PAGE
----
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Hydropower Wanes Amid a Dry Year in the American West

A Western drought year spells trouble for the region's usually reliable hydropower

The Western region has had an incredibly dry year, a fact which is obviated by the fires that are currently raging across much of the region. There are currently active fires in California, Oregon, Washington, Idaho, Wyoming, Montana, Utah, Colorado, Arizona, and New Mexico, and the smoke from the fires has drifted all the way to the East Coast. Although fires are one of the most visible consequences of drought years, they’re far from the only problem that they cause. Hydropower generation is greatly affected by the water levels in reservoirs, rivers, canals, and other water sources.

Usually, a stable source of electricity, the southwest’s hydro plants have increasingly had to accommodate new periodic energy generation by wind and solar generators, making hydroelectric generators less consistent and require more maintenance as production is ramped up or down to meet demand.

The impact of the unusually arid year on hydropower is already clear, with the May data from the Energy Information Administration showing a 27.1 percent year-over-year decrease in hydropower generation in the west.

This decrease is concerning because hydropower is usually a reliable generation source, and power generation problems in some western states, California most notably, have been a growing concern in recent years. The state has gone as far as to get approval from the Federal Energy Regulatory Commission (FERC) to intercept power traveling to other states on its transmission lines when the state is in an energy pinch. This new ruling will stave off blackout possibilities in the near term, but will almost certainly be contested by nearby states including Arizona who would be negatively impacted by the new FERC rule. 

Hydro is a mainstay for grid reliability as intermittent sources like wind and solar play an expanded role in the region. Many hydroelectric power generation sources can move between no output and maximum power output quite quickly, allowing them to be utilized when the wind doesn’t blow or the sun doesn’t shine. States with high levels of wind and solar grid penetration rely on hydropower and other cycling resources like natural gas to quickly make up the grid shortfalls created by the problem of intermittency. Although some portion of the year-over-year decrease in hydroelectric power generation may be attributable to an increase in wind and solar penetration, drought conditions in the western U.S. are a primary driver of the decrease in output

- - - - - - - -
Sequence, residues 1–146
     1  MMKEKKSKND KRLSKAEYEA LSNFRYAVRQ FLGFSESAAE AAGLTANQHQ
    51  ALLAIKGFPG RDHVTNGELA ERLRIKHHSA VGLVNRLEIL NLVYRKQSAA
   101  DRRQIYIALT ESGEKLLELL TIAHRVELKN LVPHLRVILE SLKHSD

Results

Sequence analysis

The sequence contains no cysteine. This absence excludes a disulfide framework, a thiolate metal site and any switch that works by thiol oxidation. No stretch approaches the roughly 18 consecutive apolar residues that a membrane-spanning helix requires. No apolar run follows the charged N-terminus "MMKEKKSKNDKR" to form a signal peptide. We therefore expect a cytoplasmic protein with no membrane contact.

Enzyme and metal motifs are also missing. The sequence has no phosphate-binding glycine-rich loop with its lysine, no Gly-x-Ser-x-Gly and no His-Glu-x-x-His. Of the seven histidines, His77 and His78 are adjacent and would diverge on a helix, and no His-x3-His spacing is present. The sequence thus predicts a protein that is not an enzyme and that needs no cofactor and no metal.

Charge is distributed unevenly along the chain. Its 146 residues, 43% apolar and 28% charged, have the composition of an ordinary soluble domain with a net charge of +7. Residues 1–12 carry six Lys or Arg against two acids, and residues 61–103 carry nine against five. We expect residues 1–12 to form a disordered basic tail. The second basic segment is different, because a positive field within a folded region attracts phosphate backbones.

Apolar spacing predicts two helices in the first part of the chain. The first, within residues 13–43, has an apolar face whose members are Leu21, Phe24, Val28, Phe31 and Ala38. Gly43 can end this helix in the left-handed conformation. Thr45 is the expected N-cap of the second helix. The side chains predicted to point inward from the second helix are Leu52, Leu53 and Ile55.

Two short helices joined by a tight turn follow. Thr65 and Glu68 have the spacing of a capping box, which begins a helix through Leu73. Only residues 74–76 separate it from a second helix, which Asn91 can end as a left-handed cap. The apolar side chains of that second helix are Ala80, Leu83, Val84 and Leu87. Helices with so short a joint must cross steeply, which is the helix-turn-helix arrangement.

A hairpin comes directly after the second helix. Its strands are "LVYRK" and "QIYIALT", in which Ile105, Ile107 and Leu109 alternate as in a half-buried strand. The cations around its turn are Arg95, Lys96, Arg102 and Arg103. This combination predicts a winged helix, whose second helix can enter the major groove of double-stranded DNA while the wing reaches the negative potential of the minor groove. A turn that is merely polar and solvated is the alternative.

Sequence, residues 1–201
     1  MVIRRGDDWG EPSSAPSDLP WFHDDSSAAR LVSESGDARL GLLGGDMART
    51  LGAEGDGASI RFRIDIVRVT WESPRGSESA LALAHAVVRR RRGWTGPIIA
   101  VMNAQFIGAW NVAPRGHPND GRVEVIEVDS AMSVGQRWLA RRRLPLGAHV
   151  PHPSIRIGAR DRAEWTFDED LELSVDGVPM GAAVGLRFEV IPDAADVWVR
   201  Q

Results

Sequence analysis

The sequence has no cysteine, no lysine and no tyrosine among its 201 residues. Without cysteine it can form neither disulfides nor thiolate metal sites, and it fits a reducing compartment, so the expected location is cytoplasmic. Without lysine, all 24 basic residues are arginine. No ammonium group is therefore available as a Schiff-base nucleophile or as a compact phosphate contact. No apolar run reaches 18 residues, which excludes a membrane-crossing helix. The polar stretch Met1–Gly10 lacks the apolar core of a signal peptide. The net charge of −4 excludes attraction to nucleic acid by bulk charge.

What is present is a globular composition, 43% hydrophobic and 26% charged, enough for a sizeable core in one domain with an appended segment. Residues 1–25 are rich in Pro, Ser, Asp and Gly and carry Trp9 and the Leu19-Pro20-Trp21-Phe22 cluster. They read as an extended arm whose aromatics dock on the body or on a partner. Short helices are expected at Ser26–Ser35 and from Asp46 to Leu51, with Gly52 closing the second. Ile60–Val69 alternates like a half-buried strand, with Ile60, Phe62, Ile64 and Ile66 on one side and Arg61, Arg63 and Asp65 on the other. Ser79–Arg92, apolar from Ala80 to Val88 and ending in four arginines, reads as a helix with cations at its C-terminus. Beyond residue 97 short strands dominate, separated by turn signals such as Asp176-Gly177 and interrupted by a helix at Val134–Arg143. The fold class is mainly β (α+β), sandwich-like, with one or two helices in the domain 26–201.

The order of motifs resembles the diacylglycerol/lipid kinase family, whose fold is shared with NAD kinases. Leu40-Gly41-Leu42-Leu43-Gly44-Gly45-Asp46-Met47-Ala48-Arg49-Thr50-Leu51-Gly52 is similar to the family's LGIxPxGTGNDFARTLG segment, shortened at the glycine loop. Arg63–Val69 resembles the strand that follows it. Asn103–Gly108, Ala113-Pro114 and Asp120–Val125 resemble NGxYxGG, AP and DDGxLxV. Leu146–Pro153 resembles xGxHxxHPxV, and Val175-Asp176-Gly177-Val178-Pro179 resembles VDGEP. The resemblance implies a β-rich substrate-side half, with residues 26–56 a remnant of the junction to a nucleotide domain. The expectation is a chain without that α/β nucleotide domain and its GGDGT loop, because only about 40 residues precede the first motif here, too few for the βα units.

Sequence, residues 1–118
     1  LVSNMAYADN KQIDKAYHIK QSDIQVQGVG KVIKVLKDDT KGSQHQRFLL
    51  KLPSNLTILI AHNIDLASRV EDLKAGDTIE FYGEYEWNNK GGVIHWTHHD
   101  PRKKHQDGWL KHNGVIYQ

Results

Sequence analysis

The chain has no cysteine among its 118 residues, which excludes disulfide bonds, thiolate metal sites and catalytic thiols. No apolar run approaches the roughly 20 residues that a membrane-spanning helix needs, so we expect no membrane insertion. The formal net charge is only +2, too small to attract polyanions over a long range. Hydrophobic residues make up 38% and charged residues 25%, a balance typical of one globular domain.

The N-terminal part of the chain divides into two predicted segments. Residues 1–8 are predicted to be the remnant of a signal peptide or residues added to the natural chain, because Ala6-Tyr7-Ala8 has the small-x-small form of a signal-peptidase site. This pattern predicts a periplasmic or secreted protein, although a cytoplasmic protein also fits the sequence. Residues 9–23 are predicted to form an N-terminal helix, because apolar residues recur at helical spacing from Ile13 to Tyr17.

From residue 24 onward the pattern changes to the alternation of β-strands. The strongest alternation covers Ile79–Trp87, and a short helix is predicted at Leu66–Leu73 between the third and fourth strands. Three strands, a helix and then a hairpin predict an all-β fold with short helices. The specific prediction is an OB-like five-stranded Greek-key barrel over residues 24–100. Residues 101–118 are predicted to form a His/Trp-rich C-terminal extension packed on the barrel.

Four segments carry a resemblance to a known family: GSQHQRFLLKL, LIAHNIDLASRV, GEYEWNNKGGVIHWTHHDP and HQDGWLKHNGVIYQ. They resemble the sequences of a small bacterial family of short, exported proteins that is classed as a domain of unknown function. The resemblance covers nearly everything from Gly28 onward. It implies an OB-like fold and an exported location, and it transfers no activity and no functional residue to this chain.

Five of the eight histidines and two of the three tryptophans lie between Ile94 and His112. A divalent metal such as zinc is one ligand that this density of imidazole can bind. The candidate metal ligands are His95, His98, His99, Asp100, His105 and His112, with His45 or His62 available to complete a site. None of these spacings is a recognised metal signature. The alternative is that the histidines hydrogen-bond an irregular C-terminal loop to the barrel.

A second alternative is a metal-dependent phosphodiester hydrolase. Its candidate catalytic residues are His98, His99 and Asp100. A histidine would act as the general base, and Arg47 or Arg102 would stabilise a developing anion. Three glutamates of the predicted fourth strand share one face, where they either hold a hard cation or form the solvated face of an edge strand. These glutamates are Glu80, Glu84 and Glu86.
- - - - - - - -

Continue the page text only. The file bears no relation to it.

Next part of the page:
And, as water levels fall short, decreased hydroelectric availability will create additional issues for states already experiencing power problems.

The dry conditions are posing greater challenges for some power generating facilities than for others. California’s fourth-largest hydropower generator, the 644 MW Edward Hyatt Power Plant which uses water from Lake Oroville, is projected to shut down due to low water levels in the lake for the first time in its history this year. 

Another example of this is Nevada’s Hoover Dam. The iconic structure on Lake Mead has a normal capacity of 2,074 MW, but at present water levels, its output is 25 percent lower at 1,567 MW. Each foot that the lake’s water level lowers results in a loss of about 6 MW of capacity. At a water level below 950 feet, the dam wouldn’t be able to generate any power at all (On August 3rd the water level sat at 1,067 feet).

The May data already showed a 27.1 percent decrease in western power generation, but drought, and all that comes with it, has continued across much of the west. As fires and irrigation remain top-of-mind issues, it is also important to take into account the other consequences of water shortages, especially the threat they can pose to already strained power grids.

Dry conditions create economic issues in addition to their more visible impacts, but unstable grids pose a serious threat to energy availability and affordability both at the residential level, and in the commercial sector which cause cascading cost consequences across industries.

A stable grid can handle climate insecurity, but when politicians choose winners and losers, some people lose power.

Paige Lambermont is a Research Fellow at the Competitive Enterprise Institute in the Center for Energy and Environment. She covers the electrical grid, energy regulation, nuclear power issues, and other free-market energy topics. Paige has a Bachelor’s Degree in Political Science from American University and a Master’s Degree in Public Administration from the University of Idaho. She is also a Columnist Fellow at Catalyst.
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